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Technology for the Masses

The consumer-centric smart grid and its challenge for regulators.

Fortnightly Magazine - October 2011

design standards and control the energy-use space as they do now. The full implications for traditional utility companies are unclear. However, waiting in the wings doesn’t seem like a strong or viable economic survival strategy given the size and past track record of the technology innovators that are poised to enter this market.

Securing the privacy of consumer data and energy use information is an essential regulatory goal. Security and reliability are also paramount regulatory and legislative concerns. Attachments to a particular utility’s meter will require regulators to authorize and approve the terms and standards of any such access. Questions, however, remain. For example, will regulators require an open access technology or will they lock meters and attachments to a single source, much like the way cellular devices work on only one provider’s network? To what extent will third parties be able to enter the customer’s premises with the customer’s approval? One option would be to require that these third party entities be utility contractors or even affiliates. Another regulatory choice is for the utility to sell data access directly, or to provide energy use data after the utility initially processes the consumer information. The regulatory details and choices are plentiful. No state is likely to proceed in exactly the same manner as another. Sharing results and learning from others is the likely path that state regulators will take if they drive the change.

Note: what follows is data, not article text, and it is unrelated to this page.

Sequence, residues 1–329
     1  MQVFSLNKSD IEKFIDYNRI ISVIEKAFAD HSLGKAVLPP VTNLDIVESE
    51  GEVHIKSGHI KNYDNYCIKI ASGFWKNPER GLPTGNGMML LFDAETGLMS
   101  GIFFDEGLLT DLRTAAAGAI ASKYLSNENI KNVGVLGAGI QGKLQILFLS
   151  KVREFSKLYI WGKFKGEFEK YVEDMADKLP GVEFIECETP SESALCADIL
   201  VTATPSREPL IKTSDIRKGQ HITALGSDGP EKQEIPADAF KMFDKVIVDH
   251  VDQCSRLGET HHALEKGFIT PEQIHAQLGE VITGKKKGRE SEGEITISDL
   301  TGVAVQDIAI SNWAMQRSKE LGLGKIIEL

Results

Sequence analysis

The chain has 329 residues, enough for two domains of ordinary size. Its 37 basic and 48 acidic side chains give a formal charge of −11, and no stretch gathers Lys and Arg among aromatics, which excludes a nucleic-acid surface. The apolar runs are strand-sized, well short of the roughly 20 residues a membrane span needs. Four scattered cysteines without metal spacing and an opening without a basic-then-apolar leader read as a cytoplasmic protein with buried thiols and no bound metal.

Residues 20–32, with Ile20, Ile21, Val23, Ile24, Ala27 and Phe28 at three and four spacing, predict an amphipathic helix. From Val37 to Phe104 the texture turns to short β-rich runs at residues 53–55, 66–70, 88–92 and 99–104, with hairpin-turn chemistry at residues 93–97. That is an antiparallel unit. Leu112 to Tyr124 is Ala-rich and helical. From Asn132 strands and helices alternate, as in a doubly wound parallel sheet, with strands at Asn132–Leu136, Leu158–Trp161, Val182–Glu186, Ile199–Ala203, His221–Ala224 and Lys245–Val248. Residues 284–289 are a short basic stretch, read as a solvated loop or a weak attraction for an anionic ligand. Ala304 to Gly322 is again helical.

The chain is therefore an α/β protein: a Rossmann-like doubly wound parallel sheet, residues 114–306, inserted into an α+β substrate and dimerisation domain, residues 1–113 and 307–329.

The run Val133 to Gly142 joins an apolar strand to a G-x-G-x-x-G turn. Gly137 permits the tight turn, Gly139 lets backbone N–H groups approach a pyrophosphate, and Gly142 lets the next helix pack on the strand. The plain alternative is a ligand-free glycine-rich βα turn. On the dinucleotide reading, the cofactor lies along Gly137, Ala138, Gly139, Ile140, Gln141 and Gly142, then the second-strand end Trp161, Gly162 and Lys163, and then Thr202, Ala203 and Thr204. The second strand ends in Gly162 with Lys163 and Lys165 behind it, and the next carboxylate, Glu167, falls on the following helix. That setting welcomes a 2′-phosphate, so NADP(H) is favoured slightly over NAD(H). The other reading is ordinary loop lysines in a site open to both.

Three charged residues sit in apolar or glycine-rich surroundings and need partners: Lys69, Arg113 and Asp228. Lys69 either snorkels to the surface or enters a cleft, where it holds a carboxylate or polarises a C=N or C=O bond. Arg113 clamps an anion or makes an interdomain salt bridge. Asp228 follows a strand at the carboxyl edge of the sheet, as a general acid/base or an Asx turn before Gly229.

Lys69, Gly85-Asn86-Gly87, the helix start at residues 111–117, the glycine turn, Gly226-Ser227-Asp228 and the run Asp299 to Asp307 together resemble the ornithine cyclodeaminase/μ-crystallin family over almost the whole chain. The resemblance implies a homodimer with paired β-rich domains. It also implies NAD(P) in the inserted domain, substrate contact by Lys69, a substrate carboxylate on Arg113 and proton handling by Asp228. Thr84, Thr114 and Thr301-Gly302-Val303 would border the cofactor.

This issue often becomes a jurisdictional question: what types of businesses are and aren’t subject to the jurisdiction of a state regulatory authority? Many unregulated parties are reluctant to submit to such jurisdiction in any respect, and this reluctance is understandable. On the other hand, if privacy and other issues that could result in tort liability are held to be subject to the jurisdiction of a state regulatory authority, then it’s at least possible that lengthy and expensive court disputes could be obviated by asserting the “primary jurisdiction” doctrine. Another potential concern is the degree to which standardization will be deemed important enough to restrict what can be offered to consumers and attached to the utility meters. Standards will be a challenge, as the FERC is finding as it attempts to establish consensus for protocols and model standards that Congress, with little clarity, proposed in Section 1305 in the 2007 EISA. 11

Technology is difficult to control or regulate away from a growing number of customers who are technology savvy, or at least not technology phobic. Equipment can now be added to existing traditional analog meters that will provide the same on-premise use and management functions that a utility smart meter would provide. This raises particular regulatory and competitive challenges for the utility industry, third-party potential competitors, and their regulators. Electricity revenues in the U.S. exceed $350 billion, and natural gas revenues, after removing electricity generation, are more than half that amount. The potential market for energy efficiency to curb these expenditures could easily approach $50 to $150 billion of annual savings, assuming a conservative energy efficiency technology could achieve 10 to 30 percent savings. Keeping the technology